University News

Arnold Fellowship leaves lasting legacy

By
Staff Writer
Thursday, February 2, 2012

Since the program’s inception in 1964, recipients of the Arnold Fellowship — established in honor of Samuel Arnold, who graduated in 1913 — have immersed themselves in foreign countries for months at a time, gleaning experiences they could share with the University community upon their return. Over the years, fellows have studied the Trinidad and Tobago Carnival, become embedded in Egypt’s Bedouin society and embarked on a nine-month pilgrimage to Tibet.

The University last awarded the Arnold Fellowship in 2010 to Daria Marinelli ’10, who used her $18,000 stipend to study tango in Buenos Aires, Argentina. This was the last time the Arnold Fellowship will ever be offered, said Linda Dunleavy, associate dean of the College for fellowships and pre-law.

“It just ran out of funding,” Dunleavy said. “It was a one-time, large gift that just got used up year after year. It never converted into an endowment.”

The fellowship was first offered in 1964, when Thomas J. Watson Jr. ’37 presented the University with a gift that supplied annual fellowships named after Arnold, the University’s first provost. Now that the funds from Watson’s gift have been drained, the University has stopped offering the fellowship.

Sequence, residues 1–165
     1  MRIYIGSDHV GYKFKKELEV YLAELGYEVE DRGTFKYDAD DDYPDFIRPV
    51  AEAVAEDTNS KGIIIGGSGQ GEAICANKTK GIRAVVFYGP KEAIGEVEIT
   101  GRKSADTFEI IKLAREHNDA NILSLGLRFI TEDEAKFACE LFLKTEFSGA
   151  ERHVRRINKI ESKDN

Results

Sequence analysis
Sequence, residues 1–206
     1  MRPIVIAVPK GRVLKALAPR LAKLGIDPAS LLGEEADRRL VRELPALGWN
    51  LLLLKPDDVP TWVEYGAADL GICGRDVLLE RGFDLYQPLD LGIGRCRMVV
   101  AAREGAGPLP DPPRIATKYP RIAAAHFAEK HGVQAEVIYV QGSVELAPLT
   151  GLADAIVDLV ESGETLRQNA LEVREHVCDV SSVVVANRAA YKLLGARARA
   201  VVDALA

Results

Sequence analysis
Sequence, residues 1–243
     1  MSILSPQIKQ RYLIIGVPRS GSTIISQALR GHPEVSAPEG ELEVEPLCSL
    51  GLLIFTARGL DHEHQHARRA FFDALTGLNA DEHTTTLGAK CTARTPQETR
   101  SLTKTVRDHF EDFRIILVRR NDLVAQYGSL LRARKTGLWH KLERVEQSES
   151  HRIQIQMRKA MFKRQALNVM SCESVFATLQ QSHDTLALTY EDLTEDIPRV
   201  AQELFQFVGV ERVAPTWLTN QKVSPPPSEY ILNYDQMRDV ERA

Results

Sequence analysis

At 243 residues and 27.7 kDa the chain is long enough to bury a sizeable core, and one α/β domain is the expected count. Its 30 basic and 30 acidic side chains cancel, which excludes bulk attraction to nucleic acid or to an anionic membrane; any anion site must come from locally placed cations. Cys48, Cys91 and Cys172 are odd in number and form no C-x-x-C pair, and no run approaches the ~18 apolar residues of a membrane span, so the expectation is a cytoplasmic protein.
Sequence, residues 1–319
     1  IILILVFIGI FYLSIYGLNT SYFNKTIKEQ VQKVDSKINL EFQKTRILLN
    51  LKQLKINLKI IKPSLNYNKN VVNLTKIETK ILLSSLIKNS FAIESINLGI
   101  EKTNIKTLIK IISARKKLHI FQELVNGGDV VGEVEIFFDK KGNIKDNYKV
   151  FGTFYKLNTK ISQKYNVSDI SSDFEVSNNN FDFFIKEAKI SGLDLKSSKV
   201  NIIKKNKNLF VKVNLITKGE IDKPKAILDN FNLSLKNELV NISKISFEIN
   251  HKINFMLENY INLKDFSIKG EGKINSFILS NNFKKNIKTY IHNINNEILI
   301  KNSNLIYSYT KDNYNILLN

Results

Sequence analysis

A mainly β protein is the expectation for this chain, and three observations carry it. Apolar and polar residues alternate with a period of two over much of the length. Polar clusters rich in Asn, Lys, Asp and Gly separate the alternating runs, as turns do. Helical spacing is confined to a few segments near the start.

“There have been efforts to reach out to the Watson Foundation,” Dunleavy said. “We wanted to see if they still had an interest in contributing to the fellowship. They’ve just shifted their focus — it’s no longer a priority for them to fund it.”

Today, all that is left of the fellowship is a legacy of research and the experiences that its winners have amassed over the years.

“I think it’s a wonderful institution that Brown had,” said Jeffrey Yoskowitz ’07, who received the fellowship in 2007. “It was very ‘Brown,’ rewarding students who were seeking transformative experiences.”

Yoskowitz traveled to Israel to research the pork industry, inserting himself into the taboo underbelly of the country’s food culture. While there, Yoskowitz moved to a pig farm that operated under the guise of a research institute, where he conducted research that demonstrated how even food can serve as a political metaphor that affects Israeli daily life.

“Arnold fellows went off on their own,” Yoskowitz said. “Everything I had to do, I had to do on my own. That was the most challenging part of my experience. But because of that, the fellowship allowed you the freedom to discover other worlds and to discover yourself.”